Who is the unjust one in this scenario. The child that quickly takes the opportunity to eat? Or is it a greater injustice that the fat child refuses to offer two chocolates?
Now imagine the fat child is Australia, rich in resources, infrastructure and land. Imaging one of the hungry children is a refugee who did not have the opportunity to flee to Australia, and the other skinny child is an asylum seeker. Who is the unjust one in this scenario, and as a consequence, to blame for one child's continued stay in a refugee camp; the asylum seeker? Or does the finger of blame point squarely to the one who has the opportunity to give more, but declines.
I am not suggesting we give away the whole box of chocolates. All I want is for the blame to sit where it belongs; not with the poor asylum seeker who may have taken a visa from another poor soul waiting in a camp. But with Australia, who fails to accept more refugees despite their ability and responsibility to do so.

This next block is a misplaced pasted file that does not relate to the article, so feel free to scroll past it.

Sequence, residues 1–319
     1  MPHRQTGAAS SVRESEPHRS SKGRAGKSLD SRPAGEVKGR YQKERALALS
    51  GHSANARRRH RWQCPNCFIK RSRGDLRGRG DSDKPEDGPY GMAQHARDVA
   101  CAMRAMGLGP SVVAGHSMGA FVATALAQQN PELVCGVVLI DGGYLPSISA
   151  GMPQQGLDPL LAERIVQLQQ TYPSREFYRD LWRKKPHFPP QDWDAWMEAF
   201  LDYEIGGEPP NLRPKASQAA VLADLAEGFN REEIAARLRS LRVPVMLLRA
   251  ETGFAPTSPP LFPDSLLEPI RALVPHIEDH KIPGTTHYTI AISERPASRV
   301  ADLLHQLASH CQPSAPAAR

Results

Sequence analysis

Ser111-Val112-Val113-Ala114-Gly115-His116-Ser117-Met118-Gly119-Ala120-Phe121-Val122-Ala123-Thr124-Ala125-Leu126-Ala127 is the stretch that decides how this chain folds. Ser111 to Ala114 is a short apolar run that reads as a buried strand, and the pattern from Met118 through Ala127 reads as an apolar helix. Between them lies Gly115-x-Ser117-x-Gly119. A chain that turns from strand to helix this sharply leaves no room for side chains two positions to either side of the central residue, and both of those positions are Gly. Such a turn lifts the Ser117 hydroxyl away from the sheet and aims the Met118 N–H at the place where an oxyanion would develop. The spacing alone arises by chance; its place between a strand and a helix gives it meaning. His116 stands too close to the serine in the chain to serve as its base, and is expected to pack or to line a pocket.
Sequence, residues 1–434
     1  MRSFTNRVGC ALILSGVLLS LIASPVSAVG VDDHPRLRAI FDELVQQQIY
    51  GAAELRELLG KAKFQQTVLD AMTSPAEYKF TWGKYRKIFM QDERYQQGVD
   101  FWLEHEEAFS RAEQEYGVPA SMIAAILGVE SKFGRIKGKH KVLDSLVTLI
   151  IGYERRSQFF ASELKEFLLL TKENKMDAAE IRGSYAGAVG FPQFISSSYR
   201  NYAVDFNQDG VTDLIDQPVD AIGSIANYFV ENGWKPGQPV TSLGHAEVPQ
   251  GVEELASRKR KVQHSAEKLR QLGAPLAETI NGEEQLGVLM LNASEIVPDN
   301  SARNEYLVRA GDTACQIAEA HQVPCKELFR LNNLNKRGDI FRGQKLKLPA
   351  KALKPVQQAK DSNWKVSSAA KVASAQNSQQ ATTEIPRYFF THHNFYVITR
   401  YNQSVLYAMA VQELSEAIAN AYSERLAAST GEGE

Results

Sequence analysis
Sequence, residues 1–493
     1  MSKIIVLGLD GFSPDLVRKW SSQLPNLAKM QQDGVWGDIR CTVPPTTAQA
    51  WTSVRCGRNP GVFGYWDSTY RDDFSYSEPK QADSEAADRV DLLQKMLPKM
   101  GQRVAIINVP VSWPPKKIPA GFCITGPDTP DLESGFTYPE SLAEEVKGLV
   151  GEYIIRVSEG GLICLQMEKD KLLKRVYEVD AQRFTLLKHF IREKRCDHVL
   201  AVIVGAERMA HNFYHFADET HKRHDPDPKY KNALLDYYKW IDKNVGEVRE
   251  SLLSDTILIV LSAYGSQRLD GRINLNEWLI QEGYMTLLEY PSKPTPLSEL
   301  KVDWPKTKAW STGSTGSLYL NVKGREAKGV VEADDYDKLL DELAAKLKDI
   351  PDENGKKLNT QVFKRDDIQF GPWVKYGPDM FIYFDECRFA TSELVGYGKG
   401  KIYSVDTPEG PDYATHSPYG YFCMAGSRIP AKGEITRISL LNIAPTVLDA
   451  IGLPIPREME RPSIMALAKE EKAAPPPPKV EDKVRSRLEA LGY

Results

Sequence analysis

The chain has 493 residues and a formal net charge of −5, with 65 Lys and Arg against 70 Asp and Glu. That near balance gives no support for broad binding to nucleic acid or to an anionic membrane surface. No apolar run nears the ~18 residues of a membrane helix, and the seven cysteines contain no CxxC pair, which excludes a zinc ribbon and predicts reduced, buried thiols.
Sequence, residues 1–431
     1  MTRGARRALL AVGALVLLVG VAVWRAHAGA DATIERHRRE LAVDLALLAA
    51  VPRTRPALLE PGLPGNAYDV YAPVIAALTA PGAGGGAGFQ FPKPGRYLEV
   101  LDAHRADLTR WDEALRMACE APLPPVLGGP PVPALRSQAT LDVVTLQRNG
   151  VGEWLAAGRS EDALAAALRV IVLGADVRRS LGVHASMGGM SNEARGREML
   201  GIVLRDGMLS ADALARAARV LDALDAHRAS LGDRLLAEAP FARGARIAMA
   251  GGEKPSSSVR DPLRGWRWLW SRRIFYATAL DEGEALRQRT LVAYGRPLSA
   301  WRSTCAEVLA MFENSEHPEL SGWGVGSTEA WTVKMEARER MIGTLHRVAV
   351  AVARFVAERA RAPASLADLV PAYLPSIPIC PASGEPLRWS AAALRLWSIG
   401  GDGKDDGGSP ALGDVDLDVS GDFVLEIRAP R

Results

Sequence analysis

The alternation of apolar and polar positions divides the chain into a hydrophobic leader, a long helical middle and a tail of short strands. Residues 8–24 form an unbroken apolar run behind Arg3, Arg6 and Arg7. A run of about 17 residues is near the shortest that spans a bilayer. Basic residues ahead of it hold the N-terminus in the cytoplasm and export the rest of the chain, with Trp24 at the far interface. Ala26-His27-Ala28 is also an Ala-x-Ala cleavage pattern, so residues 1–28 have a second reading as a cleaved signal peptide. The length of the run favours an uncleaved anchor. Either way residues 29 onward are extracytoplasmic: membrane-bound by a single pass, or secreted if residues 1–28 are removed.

We don't have to give away the whole box of chocolates, or indeed any of the chocolates. But let's at least take responsibility for our decision to withhold the chocolates rather than pinning it on the 'queue jumper'.
Something to think about at least.
Note: the term 'queue jumper' has only been used to illustrate the current language in the media. Just Salvos acknowledges that the term queue jumper is not an accurate term.